Babuk loses stolen data set to DC subway police three weeks ago
- Babuk decided to disclose everything they had about the Washington DC Metro Police Department.
- The actors would have received an offer forty times less than the ransom they had demanded.
- Babuk has donated his source code to another project and will continue with extortion without encryption.
The Babuk ransomware group is now disclosing all of the data it stole from Washington DC subway police about three weeks ago, as negotiations seemingly stalled. According to the announcement posted on Babuk’s dark web extortion portal, 250 GB of sensitive data will be made available to everyone over the next eight months, giving thousands of people the ability to download and use it at as they please. The data includes full human resource details, the full gang database, and more.
Two days ago, another update was posted on the Babuk site, featuring screenshots of what would have been a conversation with a representative of the DC Metro Police. Based on these screenshots, which could be fake or fabricated, the police offered to pay a maximum of $ 100,000, while Babuk asked for a figure of around $ 4,000,000. This was unacceptable to the actors, so they decided to end the negotiations and proceed with the full publication of the stolen data.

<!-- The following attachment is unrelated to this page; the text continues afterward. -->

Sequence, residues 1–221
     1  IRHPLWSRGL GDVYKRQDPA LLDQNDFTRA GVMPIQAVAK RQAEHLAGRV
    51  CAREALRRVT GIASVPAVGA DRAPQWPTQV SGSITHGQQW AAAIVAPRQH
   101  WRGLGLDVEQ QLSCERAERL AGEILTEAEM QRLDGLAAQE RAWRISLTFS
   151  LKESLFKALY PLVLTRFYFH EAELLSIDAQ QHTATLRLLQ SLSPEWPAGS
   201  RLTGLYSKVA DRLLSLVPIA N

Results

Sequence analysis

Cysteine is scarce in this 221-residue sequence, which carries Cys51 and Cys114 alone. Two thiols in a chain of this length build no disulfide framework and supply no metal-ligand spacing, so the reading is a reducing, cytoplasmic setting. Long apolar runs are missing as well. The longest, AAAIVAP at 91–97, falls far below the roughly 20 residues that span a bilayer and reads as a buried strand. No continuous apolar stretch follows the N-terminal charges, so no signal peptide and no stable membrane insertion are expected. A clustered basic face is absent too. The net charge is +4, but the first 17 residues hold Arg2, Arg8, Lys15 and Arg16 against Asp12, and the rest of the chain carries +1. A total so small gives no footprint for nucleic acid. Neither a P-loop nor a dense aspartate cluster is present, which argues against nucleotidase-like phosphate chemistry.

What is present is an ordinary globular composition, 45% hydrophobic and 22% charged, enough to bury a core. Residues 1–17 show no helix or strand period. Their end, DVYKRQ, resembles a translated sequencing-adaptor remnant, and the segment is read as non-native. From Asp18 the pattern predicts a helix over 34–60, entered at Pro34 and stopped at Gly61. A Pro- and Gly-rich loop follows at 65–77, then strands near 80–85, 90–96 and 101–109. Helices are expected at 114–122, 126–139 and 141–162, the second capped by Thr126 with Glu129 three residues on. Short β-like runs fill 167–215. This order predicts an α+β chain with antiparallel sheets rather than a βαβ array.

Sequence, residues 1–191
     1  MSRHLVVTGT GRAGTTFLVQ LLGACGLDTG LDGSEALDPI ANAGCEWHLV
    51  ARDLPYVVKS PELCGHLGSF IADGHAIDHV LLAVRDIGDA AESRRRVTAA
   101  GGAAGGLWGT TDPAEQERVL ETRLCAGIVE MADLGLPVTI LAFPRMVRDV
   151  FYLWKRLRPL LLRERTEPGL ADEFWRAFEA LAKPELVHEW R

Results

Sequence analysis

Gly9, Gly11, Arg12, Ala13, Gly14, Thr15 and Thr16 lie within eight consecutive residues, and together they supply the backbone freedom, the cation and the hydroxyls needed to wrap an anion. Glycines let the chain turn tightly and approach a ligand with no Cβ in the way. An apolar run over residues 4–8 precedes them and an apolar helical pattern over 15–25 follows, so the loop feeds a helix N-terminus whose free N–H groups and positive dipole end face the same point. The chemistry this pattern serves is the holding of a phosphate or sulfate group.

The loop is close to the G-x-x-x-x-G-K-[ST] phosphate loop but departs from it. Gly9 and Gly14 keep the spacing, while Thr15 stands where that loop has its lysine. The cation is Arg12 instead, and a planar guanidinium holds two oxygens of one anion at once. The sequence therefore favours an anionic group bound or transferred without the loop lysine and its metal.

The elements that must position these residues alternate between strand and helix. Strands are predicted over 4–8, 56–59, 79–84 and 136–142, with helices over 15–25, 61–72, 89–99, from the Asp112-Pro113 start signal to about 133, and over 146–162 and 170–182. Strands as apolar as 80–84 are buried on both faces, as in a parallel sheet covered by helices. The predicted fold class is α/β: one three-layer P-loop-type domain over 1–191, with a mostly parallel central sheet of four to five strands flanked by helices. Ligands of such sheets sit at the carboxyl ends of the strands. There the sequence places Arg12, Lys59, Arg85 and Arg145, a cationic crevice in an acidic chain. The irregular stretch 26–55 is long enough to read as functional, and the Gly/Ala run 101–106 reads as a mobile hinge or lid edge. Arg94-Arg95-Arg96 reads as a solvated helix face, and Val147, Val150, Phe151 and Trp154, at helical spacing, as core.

The actors write that although the police now offer them double the amount requested, they will not withdraw the publication of the data, so there is no way to find a solution to this anymore. As the hacker says, the police had many chances to fix the problem, but they squandered them all. Certainly looks like the actor is frustrated with the offer he got – if he really has one.
In the meantime, Babuk’s operator is informing the public that the source code for the ransomware strain has now been passed on to another group of a different brand. The service will continue, but without encrypting machines on compromised networks. Instead, it will focus on data access, exfiltration, controlled leaks and extortion.
We have been aware of this shift in focus since the beginning of the month when the ransomware actors gave an interview in Czech media. The first notable attack that followed (against Yamabiko) had the characteristics of an “unencrypted” incident.
Meanwhile, ransomware expert Michael Gillespie has told us that Babuk’s strain is not very potent or bug-free, so anyone who buys it is not set to be successful in the future. Unless they are capable malware authors themselves and can fix all the decryption weaknesses, but then why would they buy the tool in the first place?